Let's Not Forget All the Below the Line and Technical Oscar Nominees
by Joey Magidson
February 28, 2014
As you may have noticed in my most recent and final Oscar predictions, I didn't provide any commentary on the "below the line" Academy Award categories. Besides wanting to get to the actual predictions, I wanted to save some room for a full piece in regard to the technical categories. The techs are often the hardest to predict, especially the shorts. Yes, there are guilds to consider, but in many ways the Academy voters are never more unpredictable than when considering the non-major awards. Sometimes they go in interesting directions, other times they pick one film and vote for it everywhere they can. The fun thing here is how open many of these races are, which goes along with how unpredictable this year's Oscar ceremony may be.
This year, if the voters engage in group think, they're likely to vote for Gravity just about everywhere they can, though obviously 12 Years a Slave and American Hustle are in a number of tech categories as well. That being said, these fields are where smaller films like The Invisible Woman or less highly regarded works like The Lone Ranger actually see their moments in the sun. That doesn't mean either is about to win anything, just that they might.
We'll start with the biggest of the below the line fields, which could be considered a mini-major category, and that's the Best Animated Feature race. Barring an upset by The Wind Rises, it seems that Frozen is locked in for the win. Despicable Me 2 is next in line, but far behind, leaving The Croods and Ernest & Celestine in the dust. Regardless, this is an easy one to predict. Frozen has all the money and all the reviews, which is a winning combination here.
One of the other two big mini majors is Best Documentary Feature. This is a wide open one, with only Cutie and the Boxer and Dirty Wars seemingly out of it. 20 Feet from Stardom, The Act of Killing, and The Square have about equal chances here in my eyes, though I'm giving the edge to 20 Feet from Stardom due to the Harvey Weinstein factor and also just how out there the doc has been in terms of publicity. More voters have seen that one, and that definitely helps.
Rounding out this trio of bigger below the line categories is Best Foreign Language Feature. This is another close-ish contest, though I think The Great Beauty is highly likely to win, especially considering its taken the majority of the precursors that matter. Cases could be made for The Broken Circle Breakdown and The Hunt, while The Missing Picture and Omar are long shots at best. It looks like The Great Beauty should be able to take this one though.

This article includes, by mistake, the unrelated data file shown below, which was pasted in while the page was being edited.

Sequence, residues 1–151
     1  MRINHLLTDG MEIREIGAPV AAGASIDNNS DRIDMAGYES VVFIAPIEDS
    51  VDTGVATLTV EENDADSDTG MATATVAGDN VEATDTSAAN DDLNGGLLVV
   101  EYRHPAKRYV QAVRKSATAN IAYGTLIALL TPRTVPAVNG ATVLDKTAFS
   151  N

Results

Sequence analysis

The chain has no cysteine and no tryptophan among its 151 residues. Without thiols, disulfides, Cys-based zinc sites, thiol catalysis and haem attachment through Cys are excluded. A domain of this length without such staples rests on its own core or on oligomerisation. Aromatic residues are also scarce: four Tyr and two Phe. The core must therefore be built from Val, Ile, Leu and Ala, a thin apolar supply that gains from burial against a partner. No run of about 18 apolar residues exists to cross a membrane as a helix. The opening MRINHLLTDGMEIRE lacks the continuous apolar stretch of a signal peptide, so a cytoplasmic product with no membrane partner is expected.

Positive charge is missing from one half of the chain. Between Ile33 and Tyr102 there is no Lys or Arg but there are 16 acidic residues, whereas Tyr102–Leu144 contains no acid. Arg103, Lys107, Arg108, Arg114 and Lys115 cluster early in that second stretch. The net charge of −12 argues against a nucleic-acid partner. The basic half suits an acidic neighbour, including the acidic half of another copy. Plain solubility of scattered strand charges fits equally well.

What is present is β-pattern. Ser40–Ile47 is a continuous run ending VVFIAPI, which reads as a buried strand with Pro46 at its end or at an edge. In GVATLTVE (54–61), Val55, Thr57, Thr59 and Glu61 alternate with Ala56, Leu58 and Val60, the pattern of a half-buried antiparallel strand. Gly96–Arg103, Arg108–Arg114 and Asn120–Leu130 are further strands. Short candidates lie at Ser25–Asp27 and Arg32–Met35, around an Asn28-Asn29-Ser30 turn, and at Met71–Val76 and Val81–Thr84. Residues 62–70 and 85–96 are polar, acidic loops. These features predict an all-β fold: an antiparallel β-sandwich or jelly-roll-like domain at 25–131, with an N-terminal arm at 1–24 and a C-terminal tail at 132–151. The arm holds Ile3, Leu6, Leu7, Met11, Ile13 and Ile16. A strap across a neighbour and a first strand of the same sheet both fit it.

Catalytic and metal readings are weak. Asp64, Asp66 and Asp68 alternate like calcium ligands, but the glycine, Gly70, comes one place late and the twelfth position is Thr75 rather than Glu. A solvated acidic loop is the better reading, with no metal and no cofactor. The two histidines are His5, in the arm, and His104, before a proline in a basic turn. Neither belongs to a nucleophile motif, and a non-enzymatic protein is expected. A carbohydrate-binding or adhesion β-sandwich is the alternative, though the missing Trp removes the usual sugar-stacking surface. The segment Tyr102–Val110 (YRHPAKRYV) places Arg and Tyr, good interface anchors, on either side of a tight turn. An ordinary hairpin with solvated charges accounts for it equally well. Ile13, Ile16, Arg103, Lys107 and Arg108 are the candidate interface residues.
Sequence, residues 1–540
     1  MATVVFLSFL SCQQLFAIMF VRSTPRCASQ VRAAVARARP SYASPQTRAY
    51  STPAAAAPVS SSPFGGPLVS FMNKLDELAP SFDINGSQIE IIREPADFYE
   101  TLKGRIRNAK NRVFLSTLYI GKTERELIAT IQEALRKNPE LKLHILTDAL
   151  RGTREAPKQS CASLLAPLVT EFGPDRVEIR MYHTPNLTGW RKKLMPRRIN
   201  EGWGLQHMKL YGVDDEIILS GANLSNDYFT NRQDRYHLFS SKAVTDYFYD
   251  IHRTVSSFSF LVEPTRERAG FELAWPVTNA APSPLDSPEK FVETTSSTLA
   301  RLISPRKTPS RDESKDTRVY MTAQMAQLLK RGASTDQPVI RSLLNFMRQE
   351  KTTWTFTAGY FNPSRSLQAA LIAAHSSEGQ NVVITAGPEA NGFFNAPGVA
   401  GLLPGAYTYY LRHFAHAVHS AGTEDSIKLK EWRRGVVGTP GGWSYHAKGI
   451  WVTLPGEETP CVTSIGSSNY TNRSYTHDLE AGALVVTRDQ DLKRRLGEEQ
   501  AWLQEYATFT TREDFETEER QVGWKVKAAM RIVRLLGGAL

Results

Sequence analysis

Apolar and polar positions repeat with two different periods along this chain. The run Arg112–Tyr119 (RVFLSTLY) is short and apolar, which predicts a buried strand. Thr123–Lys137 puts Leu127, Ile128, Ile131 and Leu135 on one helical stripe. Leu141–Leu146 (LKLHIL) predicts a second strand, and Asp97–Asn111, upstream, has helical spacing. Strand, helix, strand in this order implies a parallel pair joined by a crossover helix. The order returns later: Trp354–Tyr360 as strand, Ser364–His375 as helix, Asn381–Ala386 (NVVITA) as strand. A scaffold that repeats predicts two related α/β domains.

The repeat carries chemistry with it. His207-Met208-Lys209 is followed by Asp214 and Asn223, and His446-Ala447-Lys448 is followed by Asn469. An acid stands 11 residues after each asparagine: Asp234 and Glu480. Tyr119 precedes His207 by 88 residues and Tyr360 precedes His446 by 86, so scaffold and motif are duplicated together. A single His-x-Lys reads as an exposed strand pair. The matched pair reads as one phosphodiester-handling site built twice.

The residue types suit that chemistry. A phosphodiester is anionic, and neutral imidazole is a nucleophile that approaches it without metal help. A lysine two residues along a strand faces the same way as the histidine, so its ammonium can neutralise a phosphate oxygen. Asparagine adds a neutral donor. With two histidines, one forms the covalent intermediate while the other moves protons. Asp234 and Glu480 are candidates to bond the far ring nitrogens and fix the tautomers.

Starting off the techs, we have Best Production Design. Any of the nominees could win, and the winner could actually mean a lot. We have four Best Picture nominees here, including the three frontrunners in 12 Years a Slave, American Hustle, and Gravity (plus Her). They're up agains the purported frontrunner The Great Gatsby. Often this category an actually mean "Most Production Design", and that definitely favors The Great Gatsby. The only real upset would be if Her won, though any of the others have a viable case. I'm sticking with the flashiness of Gatsby though.
Next is Best Cinematography, a fairly easy one to predict. Gravity should run away with this one, which also would provide Emmanuel Lubezki with his first ever Academy Award. He's way out in front, with no real expected challenge from The Grandmaster, Inside Llewyn Davis, Nebraska, and Prisoners (though a win for this one would also be a first, namely for legendary DP Roger Deakins). When in doubt here of late, go 3D, and that's Gravity. I'm not in doubt though, so that makes it an even simpler choice.
Best Costume Design is another field that can sometimes mean "most" instead of best, and that again helps out The Great Gatsby, which is nominated here. We also have 12 Years a Slave and American Hustle from the Best Picture lineup, with The Grandmaster and The Invisible Woman rounding out the field. It's between Gatsby and Hustle in my eyes, and while either could win, I'm sensing this could be the tech reward for American Hustle, so that's where I'm going.
With Best Film Editing, the smart play is usually to line it up with Best Picture, since more often than not, the big winner of the night also takes this prize as well. It's also the other field that sometimes goes with "most", and that could hurt Gravity in the end. It could win, but it could also go to either 12 Years a Slave or Captain Phillips too. American Hustle and Dallas Buyers Club seem like longer shots to me. Captain Phillips took the notable editing precursor, so that's what I'm hanging my hat on here.
Best Makeup & Hairstyling is a slightly odd category, namely in that we only have three nominees, and two of them are not the type of work you normally see embraced by the Academy. Those are Jackass Presents: Bad Grandpa and The Lone Ranger, so that leads me to believe that Best Picture nominee Dallas Buyers Club takes it. I could be wrong, but frankly I don't think that I am.